The Case of the Missing Inflation…and What the Fed’s Doing About It
US inflation has been running low for some time, and key members of the Federal Reserve Open Market Committee (FOMC) are pointing a finger at the traditional policy framework. So rate hikes are on hold for the time being—and monetary policy is under the microscope.
Since the beginning of this year, bond markets have dramatically adjusted their expectations for US Federal Reserve interest-rate hikes. The market is no longer pricing in further increases this year, or in 2020, for that matter. We don’t expect further rate hikes either, but our rationale is different from popular wisdom.
Inflation Has Gone Missing
As we see it, the Fed didn’t stop hiking interest rates because there’s a growth problem—it stopped because there’s an inflation problem. Simply put, inflation has gone missing, and the Fed is worried about it. That concern led to a freeze on rate hikes—even though the US economic growth outlook remains solid.
The Fed’s inflation target is 2.0% year over year, as measured by the personal consumption expenditure deflator index. Based on that data series, inflation has averaged less than 1.5% per year over the course of this economic cycle. As a result, current price levels are almost 6% lower than they would have been if the Fed had achieved its inflation target (Display).
That’s a lot of missing inflation!
Because of this inflation shortfall, inflation expectations are about 50 basis points lower than they were in earlier economic cycles. Inflation expectations can be self-fulfilling: businesses tend to set prices based on where they think inflation is headed. So lower inflation expectations today could mean lower actual inflation tomorrow.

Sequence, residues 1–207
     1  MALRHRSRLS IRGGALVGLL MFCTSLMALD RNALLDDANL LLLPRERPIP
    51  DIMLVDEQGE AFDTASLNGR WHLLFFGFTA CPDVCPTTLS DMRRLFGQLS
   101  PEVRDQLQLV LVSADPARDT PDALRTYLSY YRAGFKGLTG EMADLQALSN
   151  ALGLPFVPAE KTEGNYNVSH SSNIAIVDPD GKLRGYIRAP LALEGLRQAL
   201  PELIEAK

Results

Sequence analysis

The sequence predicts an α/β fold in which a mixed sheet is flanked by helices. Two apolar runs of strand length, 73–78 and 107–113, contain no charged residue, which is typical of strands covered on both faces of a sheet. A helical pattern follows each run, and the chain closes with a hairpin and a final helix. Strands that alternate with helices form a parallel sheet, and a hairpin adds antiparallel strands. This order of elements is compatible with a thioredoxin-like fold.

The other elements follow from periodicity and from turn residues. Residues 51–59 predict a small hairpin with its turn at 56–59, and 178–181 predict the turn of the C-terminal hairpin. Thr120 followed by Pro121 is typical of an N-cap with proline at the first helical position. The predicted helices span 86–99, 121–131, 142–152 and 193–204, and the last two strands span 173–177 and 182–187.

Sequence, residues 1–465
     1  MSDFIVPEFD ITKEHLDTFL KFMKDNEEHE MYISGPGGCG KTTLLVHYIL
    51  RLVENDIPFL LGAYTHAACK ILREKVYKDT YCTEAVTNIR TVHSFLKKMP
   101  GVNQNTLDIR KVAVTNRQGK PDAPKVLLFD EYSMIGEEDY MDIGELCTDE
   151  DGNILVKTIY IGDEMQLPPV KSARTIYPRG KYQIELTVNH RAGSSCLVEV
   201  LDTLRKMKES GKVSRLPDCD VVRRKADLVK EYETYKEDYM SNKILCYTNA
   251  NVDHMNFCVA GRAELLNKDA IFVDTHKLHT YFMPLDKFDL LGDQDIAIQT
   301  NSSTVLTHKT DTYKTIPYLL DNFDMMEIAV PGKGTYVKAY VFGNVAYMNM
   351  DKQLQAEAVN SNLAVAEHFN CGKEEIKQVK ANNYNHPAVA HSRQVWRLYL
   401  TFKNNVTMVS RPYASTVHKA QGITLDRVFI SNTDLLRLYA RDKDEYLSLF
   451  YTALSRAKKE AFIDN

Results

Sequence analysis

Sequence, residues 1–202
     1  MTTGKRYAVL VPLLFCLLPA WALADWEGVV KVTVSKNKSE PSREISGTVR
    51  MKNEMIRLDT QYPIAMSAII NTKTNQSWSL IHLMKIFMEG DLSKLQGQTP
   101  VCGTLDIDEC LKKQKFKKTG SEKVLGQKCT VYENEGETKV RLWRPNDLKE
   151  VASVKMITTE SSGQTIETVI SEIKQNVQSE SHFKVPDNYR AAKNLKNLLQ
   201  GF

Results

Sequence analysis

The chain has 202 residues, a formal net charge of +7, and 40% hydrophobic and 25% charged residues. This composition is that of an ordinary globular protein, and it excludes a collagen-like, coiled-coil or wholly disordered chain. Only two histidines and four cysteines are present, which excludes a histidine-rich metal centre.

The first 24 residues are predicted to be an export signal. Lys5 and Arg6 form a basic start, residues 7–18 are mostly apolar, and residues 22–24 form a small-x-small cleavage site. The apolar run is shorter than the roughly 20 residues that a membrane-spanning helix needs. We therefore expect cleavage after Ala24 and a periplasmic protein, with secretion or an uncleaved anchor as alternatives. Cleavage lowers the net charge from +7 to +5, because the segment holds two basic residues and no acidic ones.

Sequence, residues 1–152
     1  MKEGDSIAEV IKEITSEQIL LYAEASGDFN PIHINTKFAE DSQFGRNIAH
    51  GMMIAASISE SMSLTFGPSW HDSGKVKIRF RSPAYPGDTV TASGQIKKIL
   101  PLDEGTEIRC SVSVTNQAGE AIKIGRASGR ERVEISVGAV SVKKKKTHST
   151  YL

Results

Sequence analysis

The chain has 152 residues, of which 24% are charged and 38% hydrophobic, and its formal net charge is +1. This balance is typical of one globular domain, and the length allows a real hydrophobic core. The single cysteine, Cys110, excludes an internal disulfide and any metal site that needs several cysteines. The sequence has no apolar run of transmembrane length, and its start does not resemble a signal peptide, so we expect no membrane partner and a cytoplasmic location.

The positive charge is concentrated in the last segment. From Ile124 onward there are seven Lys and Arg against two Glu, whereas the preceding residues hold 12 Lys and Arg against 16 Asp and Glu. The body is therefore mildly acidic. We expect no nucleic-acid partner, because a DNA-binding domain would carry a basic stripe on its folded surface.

That’s a problem for the Fed. It may seem counterintuitive to some, but low inflation could end up being a bigger headache than high inflation. If deflation sets in, it can be hard to break free of—as the Japanese have discovered over the past couple of decades.
Setting Sights on a New Inflation Target
With inflation running persistently below target, some FOMC members are worried that inflation could get stuck at too low a level. A newly formed FOMC group is looking at changing the framework for monetary policy, and this has already started to shape the way the committee discusses policy.
In our view, the Fed is likely to shift to an “average” inflation target of 2.0% over the course of a business cycle. Since we know inflation will be under 2.0% when times are bad, the Fed will need to keep inflation above 2.0% in good times. Otherwise, the math doesn’t work.